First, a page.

One Israeli civil rights group called the move an "act of McCarthyism and gagging, which severely harms freedom of expression, the right to vote, and be elected."
Ofer Cassif at a talk in 2023 -- via screenshot
By Jessica Corbett, Common Dreams
Members of an Israeli Knesset committee on Tuesday took a key step toward expelling Hadash-Ta'al MK Ofer Cassif over his support for the South African-led International Court of Justice case accusing Israel of genocide in the Gaza Strip.
After two days of debate that, according to The Times of Israel, "repeatedly descended into screaming matches between legislators," the Knesset House Committee voted 14-2 to advance Cassif's impeachment to the full parliament.
"The nearly unanimous decision was immediately condemned by Hadash-Ta'al Chairman Ahmad Tibi, who called it 'a black day for the Knesset,' and by the Labor party, which dismissed the entire process as 'anti-democratic by nature,'" the newspaper noted.
Tibi and Ra'am MK Walid Taha were the two Israeli Arab legislators on the panel who voted against advancing Cassif's impeachment while, as The Jerusalem Post reported, "Yesh Atid MK Merav Ben-Ari left the committee and did not vote."
The Association for Civil Rights in Israel (ACRI) said that the debate "was conducted like a political circus, whose outcome was determined by populist political considerations," and called the committee vote "a shameful act of McCarthyism and gagging, which severely harms freedom of expression, the right to vote, and be elected."
"We cannot accept the argument that opposing the fighting in Gaza and demanding an end to violations of international law is tantamount to supporting Hamas' massacres against Israel," ACRI continued. "This is a dangerous position that will lead to a fatal blow to the freedom of expression of elected officials and citizens, and is a slippery slope."
The development also garnered fierce condemnation beyond Israel, with the Peace & Justice Project, founded by British Member of Parliament Jeremy Corbyn, asserting on social media that "this deplorable move by Israel’s political establishment seeks to silence Israeli Jews calling for an end to the destruction of Gaza."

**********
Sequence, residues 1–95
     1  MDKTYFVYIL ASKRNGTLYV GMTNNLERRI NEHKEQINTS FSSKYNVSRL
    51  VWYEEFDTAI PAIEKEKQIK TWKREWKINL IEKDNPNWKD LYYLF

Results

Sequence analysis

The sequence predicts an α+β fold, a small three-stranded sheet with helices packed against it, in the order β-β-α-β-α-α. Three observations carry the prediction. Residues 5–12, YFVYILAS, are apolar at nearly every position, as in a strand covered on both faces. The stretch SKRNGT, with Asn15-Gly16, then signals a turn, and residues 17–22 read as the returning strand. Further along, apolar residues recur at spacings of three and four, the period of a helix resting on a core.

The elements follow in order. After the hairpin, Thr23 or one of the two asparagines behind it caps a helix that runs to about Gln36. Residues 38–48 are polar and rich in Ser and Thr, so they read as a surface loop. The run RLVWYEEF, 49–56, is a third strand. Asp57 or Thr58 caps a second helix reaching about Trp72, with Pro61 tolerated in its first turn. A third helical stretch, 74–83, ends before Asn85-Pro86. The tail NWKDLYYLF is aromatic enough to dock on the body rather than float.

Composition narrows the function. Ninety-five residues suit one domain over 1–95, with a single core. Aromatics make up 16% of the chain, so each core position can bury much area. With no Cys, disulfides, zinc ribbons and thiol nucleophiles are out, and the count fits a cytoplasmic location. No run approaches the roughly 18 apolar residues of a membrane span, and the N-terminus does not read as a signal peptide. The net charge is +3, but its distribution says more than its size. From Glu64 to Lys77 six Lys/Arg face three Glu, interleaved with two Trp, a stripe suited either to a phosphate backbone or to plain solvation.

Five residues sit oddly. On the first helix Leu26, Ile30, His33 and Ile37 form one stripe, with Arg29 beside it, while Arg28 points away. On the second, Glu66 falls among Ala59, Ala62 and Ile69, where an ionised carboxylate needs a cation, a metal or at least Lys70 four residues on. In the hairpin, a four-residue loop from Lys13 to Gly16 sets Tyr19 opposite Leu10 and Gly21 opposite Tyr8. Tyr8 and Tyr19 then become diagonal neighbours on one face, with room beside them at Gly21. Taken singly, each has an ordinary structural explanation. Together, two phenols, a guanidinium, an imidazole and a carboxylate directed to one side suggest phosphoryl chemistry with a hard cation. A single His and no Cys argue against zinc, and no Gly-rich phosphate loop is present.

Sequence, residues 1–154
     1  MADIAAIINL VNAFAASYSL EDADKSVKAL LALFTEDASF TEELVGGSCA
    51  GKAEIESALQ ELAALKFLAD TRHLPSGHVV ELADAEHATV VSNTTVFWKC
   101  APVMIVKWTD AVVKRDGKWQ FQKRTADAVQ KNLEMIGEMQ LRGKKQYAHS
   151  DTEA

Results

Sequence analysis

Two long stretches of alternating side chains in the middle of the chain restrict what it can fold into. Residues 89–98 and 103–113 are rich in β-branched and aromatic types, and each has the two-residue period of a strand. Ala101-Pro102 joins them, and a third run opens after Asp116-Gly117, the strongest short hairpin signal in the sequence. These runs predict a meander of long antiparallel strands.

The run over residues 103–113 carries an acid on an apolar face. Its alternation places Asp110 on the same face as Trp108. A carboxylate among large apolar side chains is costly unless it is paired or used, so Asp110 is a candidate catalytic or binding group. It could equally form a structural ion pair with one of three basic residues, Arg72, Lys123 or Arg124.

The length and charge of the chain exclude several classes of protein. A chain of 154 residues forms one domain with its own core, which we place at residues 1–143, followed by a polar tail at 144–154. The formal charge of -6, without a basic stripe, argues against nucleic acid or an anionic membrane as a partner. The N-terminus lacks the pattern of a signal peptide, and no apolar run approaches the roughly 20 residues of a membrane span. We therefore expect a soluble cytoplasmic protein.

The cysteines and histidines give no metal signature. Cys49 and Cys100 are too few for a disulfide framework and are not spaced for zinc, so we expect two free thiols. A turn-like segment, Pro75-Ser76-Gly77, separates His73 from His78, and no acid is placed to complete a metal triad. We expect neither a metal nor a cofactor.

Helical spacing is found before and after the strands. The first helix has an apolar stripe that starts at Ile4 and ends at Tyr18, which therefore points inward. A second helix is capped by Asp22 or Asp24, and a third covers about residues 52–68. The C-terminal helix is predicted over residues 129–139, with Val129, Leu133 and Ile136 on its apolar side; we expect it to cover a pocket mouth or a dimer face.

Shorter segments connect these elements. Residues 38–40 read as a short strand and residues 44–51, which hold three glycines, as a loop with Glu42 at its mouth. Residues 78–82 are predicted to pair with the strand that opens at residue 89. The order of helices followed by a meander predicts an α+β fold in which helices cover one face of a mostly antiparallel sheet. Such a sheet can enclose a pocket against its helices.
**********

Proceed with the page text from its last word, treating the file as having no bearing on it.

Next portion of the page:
Former Greek politician and economist Yanis Varoufakis declared, "Let there be no doubt anymore that Israel's political class is not even pretending to respect the democratic rights of Israeli Jews who oppose apartheid."
Cassif, the sole Jewish member of the Arab-majority Hadash-Ta'al, had signed a petition backing the case before the ICJ, which ruled last week that it is plausible Israel's actions in the besieged Palestinian enclave could amount to genocide.
Specifically, the petition said: "Israel is indeed taking methodological and fundamental steps to erase, starve, abuse, and expel the population of Gaza. It actualizes a policy of erasing possibilities of living, which leads to genocide. It methodologically kills broad swaths of population, leading academics, authors, doctors, medical teams, journalists, and simple citizens."
Yisrael Beytenu MK Oded Forer called signing the petition "treasonous" and is leading the effort to expel Cassif, claiming that he "supported armed struggle, by an enemy state or terrorist organization, against the state of Israel."
Forer is relying on a never-before-used legal mechanism in the 2016 Suspension Law. Launching the impeachment proceedings required signatures from 70 of the Knesset's 120 members, including at least 10 from the opposition. Ultimately, 85 signed on, well over the initial threshold but still under the 90 legislators needed to suspend Cassif.
Now that the House Committee has weighed in, a final vote will be held—though is not yet scheduled. If Cassif is expelled, he can appeal the decision to Israel's Supreme Court, and positions from key Israeli legal experts suggest he would have a strong case.
During the Knesset panel hearing, Cassif and his lawyer, Michael Sfard, argued that opposing the war does not mean he supports Hamas, which governs Gaza and led the October 7 attack that led to Israel's blockade and bombardment of the enclave.
According to the Post:
Sfard explained that the law requires that impeachment can only be held regarding actions committed during the current Knesset—as voters were aware of Cassif's actions prior to the election and still voted for him. Any proof that included prior actions were therefore irrelevant, he added.
Both Deputy Attorney General Avital Sompolinski and Knesset Legal Adviser Sagit Afek, the legal experts required by law to give their opinion, accepted Sfard's argument that Cassif's signing the petition did not meet the standard of "support of armed struggle" and, therefore, did not qualify as a reason for impeachment.
"While those who call for the destruction of Gaza by fire or atomic bomb sit around the Cabinet table, I face impeachment on the baseless charge of 'supporting an armed struggle,'" said Cassif, calling out recent remarks from others in the Israeli government.
Jessica Corbett is a senior editor and staff writer for Common Dreams.
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